[CardsOnTable:I did not write this plugin. It was written by Jorge Rowies. Thanks so much Jorge. My life, at least, is now much easier]
I know what you’re thinking…. You’re thinking “Why the **** do I need a plugin for that?”… You’re thinking “Studio already does that!!”.
Please just bear with me… All will become clear[er]
So for those who aren’t already at this point let’s spin back a bit first.
What does this plugin do?
Well this plugin will navigate from a type or member to the declaration of that type or member. Which is to say it will find the source code of that element and position your caret on it.
Why do I need this plugin?
Well you might not. this plugin is built to serve an edge case scenario that might not apply to you.
Visual studio already has a function “Goto Definition” which appears to serve the same purpose as this plugin.
Visual Studio Limitations
Visual studio is capable of finding the source you are looking for if the source you are looking for is…
- …in the same project as that from which you start.
- …in a project referenced (only a project reference will do) from the project from which you start.
If you use file references then you are normally out of luck.
Why would I use File references if I have the source?
Well your reasons may vary… I myself have 3 reasons:
- Historically (VS2002, VS2003) had some file locking bugs which appeared to lock the produced binaries when intellisense accessed them which would prevent a rebuild until VS was restarted. (This was the reason we switched to File references only in the first place. It probably no longer applies.)
- For performance reasons it can be useful to be able to carve up your solution into multiple sub-solutions in order to work on a smaller section of the problem you are assigned to. Using File references allows you to do this quickly and easily as you are already referencing the binary versions of everything. (I have not had to do this in a while because CodeRush’s performance is really that good. But back in the day I had very poor hardware and CodeRush has not always been as performant (Damn it! It’s my blog and I say that ‘Performant’ is a perfectly valid word) as it is now.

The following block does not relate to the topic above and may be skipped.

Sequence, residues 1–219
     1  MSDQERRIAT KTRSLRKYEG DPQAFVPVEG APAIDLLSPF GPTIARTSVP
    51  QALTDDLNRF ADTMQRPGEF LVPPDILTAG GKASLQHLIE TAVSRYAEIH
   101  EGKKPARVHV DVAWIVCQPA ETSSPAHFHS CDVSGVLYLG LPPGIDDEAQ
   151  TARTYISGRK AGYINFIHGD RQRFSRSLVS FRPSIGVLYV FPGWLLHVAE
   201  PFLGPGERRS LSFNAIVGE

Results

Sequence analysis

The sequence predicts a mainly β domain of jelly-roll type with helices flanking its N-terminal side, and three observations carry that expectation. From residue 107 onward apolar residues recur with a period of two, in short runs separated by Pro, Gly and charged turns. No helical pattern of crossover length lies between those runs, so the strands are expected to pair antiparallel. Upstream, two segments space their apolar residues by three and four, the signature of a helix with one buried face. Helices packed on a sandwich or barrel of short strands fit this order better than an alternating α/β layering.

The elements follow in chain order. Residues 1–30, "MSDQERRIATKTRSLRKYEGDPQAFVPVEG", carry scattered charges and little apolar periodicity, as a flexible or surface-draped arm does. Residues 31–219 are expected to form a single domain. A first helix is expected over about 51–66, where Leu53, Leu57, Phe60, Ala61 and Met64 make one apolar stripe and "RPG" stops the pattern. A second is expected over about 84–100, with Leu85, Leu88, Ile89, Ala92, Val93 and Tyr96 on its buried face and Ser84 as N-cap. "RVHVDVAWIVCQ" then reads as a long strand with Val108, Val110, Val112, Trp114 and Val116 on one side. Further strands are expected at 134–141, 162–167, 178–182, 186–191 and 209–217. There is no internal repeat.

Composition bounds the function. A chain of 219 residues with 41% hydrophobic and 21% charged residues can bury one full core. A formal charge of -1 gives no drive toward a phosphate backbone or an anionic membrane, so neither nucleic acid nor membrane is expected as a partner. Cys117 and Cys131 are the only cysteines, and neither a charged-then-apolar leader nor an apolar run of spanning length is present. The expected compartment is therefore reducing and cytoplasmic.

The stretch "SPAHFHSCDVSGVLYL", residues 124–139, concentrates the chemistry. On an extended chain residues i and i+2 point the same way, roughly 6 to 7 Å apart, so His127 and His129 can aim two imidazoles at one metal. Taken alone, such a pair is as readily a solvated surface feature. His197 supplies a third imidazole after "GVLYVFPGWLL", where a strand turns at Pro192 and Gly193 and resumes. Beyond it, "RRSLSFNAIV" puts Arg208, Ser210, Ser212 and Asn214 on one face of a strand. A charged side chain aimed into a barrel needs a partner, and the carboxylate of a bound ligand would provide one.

- We have an external build process which builds reference versions of our dlls etc under known conditions. These are the files that ultimately go into out installers and therefore it makes sense that these are the versions of the files that are actually referenced by the various projects in a solution.
So imagine that you’re coding against a 3rd party open source library. (Could be ASP.MVC. Could be Log4Net could be anything really.) You are referencing their binary because frankly you don’t see the value in trying to build their source as well as your own, but it’s comforting to have it there in case you need it.
Now suddenly you come across a need to understand something about it’s internals. You have 2 choices:
- Load the OS solution in a new copy of studio
- Add the OS solution’s project’s to your existing copy of studio
The first of these is the simplest, but you now have to navigate through the OS solution as a separate entity which has no connection to your own project. Thee is no easy way to navigate between the OS solution and your own.
Instead consider adding their solution’s projects to your own. In some cases this is madness as they will have 15 or more projects and things can get out of hand very quickly. However in some cases like ASP.MVC or Log4Net, there are few projects in the OS solution and these can be added very quickly.
Normally this would not have provided any advantage. You would ask VS for the definition of ‘Controller’ and would be greeted with a wonderful view of the Object browser. This will of course give you a view of what members the ‘Controller’ has, but would do nothing for helping you learn how it worked…
With CR_NavigateToDefinition in place, you can now jump directly from a usage of ‘Controller’ to it’s actual definition in it’s own project and you didn’t have to alter any of your own references to do it.
If this plugin interests you you can find further details here